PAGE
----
...November 7, 2010
A Farewell to Arms Narrative
(Page 231-232) “Hard as the floor of the car to lie and not thinking only feeling, having been away too long, the clothes wet and floor moving only a little each time and lonesome inside and alone with wet clothing and a hard floor for a wife. Doctors did things to you and then it was not your body anymore. The head was mine, but not to use, not to think with, only to remember and not too much remember.” Frederic Henry is feeling alone and is justifying himself. Frederic is doubting his actions on the train ride and contemplating his future with Catherine. Hemingway makes a dramatic pronoun switch by referring to himself in the second person pronoun of “you”. “… but you loved some one else whom now you know was not even to pretended there; you seeing now clear and coldly—not so coldly as clearly and emptily.” Frederic Henry is referring to himself in the second person forcing the reader to peer inside his head. Through monologue narrative techniques, figurative language and tone, Hemingway indicates that Frederic Henry is a man reaching a point of no return.
Hemingway employs a stream of consciousness writing style and reporting technique in this chapter. In the beginning of this chapter, Hemingway uses reporting to describe what Henry is doing. He states that Henry is hungry, wet and cold. Henry is in the flat-car and starts to think about Valentini’s knee. This thought sets Henry...
...Man’s Self-Infliction of Inhumanity in A Farewell to Arms
War is the epitome of mankind’s inhumanity. It is in man’s nature to fuel the want and propensity toward war. Wars destroy nations and stability. Soldiers who fight in wars either come back in pieces or do not come back at all. The ones lucky enough to return home have changed drastically in what they feel and how they think. The horrors of war will forever haunt them. In his classic novel, A Farewell toArms, Ernest Hemingway examines the effect of war on man’s ideals and morals amid the World War I battleground of Northern Italy.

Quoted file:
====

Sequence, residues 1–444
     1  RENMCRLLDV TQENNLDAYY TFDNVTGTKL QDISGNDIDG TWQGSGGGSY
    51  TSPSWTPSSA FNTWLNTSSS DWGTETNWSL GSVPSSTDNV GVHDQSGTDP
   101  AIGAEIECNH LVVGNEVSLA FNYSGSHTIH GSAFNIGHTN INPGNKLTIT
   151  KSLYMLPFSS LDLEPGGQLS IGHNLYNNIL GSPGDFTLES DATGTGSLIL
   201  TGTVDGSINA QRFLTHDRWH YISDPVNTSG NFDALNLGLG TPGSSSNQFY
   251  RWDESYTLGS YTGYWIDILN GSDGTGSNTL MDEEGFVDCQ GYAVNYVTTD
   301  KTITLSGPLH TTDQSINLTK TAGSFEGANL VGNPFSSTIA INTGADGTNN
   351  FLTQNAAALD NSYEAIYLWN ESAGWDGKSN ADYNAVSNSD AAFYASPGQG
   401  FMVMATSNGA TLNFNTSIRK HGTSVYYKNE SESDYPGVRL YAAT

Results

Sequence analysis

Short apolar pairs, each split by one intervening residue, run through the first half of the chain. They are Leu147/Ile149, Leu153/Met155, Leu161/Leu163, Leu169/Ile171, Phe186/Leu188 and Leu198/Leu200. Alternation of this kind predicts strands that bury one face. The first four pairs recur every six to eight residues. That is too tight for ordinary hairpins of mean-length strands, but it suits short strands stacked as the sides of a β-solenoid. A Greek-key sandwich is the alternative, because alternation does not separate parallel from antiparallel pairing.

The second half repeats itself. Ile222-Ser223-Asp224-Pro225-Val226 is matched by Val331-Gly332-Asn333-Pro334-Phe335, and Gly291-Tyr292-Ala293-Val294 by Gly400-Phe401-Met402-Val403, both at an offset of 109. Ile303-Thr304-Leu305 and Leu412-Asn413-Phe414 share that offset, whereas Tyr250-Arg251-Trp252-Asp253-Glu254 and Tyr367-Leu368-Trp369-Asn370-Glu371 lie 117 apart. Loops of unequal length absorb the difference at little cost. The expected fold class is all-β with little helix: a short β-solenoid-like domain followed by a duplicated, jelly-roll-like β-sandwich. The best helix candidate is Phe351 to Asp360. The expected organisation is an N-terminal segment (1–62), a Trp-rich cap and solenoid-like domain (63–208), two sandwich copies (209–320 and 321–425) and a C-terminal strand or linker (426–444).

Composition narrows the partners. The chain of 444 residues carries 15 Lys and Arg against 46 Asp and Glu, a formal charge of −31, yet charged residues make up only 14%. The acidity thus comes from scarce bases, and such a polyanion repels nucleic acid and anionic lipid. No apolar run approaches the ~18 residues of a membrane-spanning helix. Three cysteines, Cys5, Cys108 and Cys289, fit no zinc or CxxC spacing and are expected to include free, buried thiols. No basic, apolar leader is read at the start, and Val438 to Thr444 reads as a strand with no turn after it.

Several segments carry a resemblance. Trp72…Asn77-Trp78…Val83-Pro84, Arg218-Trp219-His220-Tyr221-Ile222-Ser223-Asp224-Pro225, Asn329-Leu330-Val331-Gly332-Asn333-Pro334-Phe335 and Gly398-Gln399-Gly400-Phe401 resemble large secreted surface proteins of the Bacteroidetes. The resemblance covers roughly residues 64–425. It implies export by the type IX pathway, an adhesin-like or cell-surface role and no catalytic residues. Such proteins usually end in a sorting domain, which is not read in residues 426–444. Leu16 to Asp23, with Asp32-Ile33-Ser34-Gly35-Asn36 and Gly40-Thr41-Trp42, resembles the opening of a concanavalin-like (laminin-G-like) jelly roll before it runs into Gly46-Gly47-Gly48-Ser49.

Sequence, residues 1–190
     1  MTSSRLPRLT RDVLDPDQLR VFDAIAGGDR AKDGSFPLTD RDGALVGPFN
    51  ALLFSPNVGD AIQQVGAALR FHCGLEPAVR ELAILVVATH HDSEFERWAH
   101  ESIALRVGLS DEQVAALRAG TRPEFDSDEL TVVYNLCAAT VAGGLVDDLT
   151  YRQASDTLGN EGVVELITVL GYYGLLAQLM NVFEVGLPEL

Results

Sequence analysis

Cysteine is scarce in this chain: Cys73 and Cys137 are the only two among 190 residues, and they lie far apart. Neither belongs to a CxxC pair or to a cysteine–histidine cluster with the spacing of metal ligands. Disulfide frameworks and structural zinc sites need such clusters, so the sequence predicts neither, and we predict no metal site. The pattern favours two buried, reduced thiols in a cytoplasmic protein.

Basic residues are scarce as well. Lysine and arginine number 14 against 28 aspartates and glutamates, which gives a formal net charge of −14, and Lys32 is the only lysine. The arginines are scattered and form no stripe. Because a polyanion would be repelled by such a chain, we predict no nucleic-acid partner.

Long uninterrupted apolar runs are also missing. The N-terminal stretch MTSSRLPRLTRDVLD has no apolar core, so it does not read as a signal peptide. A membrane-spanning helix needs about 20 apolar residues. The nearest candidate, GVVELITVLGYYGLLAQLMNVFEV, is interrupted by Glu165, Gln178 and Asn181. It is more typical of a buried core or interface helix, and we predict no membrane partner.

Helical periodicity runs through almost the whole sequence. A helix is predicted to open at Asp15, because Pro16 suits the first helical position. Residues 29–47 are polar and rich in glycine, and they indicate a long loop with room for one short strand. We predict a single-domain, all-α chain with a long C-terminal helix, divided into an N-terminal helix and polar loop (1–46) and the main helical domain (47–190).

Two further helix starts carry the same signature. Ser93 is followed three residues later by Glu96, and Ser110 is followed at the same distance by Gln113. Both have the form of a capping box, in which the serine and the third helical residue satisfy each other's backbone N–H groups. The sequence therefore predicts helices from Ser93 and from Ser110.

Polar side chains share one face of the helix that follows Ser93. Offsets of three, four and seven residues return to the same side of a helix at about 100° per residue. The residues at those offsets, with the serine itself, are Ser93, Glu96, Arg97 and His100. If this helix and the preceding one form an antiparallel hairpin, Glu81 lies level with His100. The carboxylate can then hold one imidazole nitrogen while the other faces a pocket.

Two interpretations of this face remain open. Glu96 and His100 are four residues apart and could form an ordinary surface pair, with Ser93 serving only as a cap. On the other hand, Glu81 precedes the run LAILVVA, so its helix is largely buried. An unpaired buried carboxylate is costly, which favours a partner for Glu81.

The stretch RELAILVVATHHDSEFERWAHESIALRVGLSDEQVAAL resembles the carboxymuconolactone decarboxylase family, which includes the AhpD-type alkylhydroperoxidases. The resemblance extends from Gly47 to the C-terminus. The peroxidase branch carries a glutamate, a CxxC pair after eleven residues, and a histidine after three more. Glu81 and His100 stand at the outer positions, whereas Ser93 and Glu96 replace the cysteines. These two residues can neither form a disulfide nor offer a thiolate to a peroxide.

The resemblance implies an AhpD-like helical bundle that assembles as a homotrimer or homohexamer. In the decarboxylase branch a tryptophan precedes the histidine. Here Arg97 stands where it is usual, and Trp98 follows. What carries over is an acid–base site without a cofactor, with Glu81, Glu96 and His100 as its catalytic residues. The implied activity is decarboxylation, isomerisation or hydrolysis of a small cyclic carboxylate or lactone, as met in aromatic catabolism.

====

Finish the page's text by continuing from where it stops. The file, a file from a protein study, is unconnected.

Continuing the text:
Ernest Hemingway, born in Oak Park, Illinois, on July 21, 1899, was well nurtured by his parents as a young boy; however, he was never really adequately happy about his life. Hemingway always wanted to escape his life. His first big shot at running away from home came during World War I. Hemingway, at first, tried to join the American Army, but the Army declined him as a result of his poor health and eyesight. He later joined the Red Cross in 1918 as a volunteer ambulance diver. He worked for the Red Cross during World War I and was badly injured by shrapnel from mortar fire when he was at a post in Fossalta di Plave in Italy. As a result of his campaign in World War I warfare, Hemingway was able to experience first-hand the true nature of war and how it affected the soldiers involved. Shortly after being sent back home to America, he became a foreign...
...: George Bernard Shaw, “Arms and the Man: A Pleasant Play.” Introduction by Rodelle Wientraub. Edited by Dan H. Laurence. Penguin Books, 2006.
Text Summary of Act One
The scene is set in Bulgaria in November of 1885, during the Serbo-Bulgarian war. In a small town near the Dragoman Pass, a young lady loiters on the balcony off her bedchamber, looking out at the romantic night in the Balkan Mountains. Raina Petkoff is dressed in a nightgown but covered by a costly fur mantle. Her mother, Catherine Petkoff, interrupts her, telling her of the recent nearby battle at Slivnitza. The Bulgarians won, and it was her own fiancé, Sergius Saranoff, who was the hero! They embrace with delight as Catherine tells the details. There was a cavalry charge, and Sergius defied his own Russian commanders, scattering the Serbs and their Austrian officers by surprise.
Raina says that it only proves their ideas were right. The ideas of heroism and patriotism that she has doubted really do exist! She admits that as she buckled on her hero’s sword she wondered if the ideals were only in books and poems. Now she knows that Sergius is as brave as he looks.